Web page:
Merkel and May Adam Berry/Stringer

A Tipping Point Missed

Had Hillary Clinton won, she would have joined the UK’s Theresa May and German Chancellor Angela Merkel, helping achieve critical mass in the G7, while a female UN Secretary-General would have placed women at the helm of two of the world’s three biggest international organizations. It didn't happen, but what if it had?

WASHINGTON, DC – Before America and the world settle in firmly to the new Donald Trump-based reality, let’s take a little trip down the road not taken. Suppose we had woken up last Wednesday morning to a President-elect Hillary Clinton. And let’s say that, instead of former Portuguese Prime Minister António Guterres, New Zealand’s Helen Clark or Bulgaria’s Kristalina Georgieva had been picked to succeed Ban Ki-moon as United Nations Secretary-General.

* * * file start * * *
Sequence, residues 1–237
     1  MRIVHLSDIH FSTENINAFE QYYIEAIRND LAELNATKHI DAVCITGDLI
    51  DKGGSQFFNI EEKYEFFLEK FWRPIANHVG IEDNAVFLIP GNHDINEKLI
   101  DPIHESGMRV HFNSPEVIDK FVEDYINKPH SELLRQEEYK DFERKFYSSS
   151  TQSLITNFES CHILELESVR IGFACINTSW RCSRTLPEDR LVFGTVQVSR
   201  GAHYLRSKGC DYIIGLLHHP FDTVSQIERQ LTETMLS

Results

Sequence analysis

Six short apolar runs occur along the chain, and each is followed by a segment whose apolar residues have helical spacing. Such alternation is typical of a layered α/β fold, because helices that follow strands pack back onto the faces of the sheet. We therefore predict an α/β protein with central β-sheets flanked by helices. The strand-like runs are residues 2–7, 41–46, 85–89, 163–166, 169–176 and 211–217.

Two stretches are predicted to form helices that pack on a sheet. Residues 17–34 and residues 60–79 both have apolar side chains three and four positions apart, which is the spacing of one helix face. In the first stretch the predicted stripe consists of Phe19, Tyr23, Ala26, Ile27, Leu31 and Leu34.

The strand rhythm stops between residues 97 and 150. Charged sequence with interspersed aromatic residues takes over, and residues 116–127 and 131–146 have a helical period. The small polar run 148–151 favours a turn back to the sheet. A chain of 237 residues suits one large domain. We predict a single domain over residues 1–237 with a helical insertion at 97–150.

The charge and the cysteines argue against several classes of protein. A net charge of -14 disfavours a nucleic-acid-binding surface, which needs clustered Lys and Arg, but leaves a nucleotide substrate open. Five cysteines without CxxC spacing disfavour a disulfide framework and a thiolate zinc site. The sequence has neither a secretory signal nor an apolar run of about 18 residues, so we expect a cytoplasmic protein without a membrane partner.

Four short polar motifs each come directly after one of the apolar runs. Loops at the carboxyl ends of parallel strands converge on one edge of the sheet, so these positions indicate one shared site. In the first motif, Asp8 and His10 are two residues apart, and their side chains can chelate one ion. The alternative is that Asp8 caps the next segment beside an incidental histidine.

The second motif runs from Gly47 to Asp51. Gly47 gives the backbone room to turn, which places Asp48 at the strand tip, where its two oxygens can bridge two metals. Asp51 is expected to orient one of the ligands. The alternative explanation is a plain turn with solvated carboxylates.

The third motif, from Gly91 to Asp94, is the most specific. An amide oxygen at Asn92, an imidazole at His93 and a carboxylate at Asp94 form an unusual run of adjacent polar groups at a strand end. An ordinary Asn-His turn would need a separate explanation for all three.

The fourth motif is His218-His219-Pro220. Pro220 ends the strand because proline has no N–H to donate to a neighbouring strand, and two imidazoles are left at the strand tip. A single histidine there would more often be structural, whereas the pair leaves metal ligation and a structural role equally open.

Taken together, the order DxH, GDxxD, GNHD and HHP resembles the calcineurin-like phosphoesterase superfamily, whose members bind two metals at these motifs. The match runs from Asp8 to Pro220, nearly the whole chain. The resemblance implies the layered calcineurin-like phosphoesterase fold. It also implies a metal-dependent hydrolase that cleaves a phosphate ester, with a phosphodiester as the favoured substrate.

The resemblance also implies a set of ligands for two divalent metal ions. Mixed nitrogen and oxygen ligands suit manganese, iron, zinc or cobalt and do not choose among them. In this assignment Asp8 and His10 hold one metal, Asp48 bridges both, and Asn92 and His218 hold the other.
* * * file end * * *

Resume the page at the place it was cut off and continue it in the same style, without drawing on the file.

Clinton would have joined the United Kingdom’s Theresa May and German Chancellor Angela Merkel, helping achieve critical mass in the G7. And a female UN Secretary-General would have placed women at the helm of two of the world’s three biggest international organizations (France’s Christine Lagarde already runs the International Monetary Fund).

With so many female leaders, we would have begun to answer the question: what happens when women run the world? Would the world be better for women? Would it even be different?

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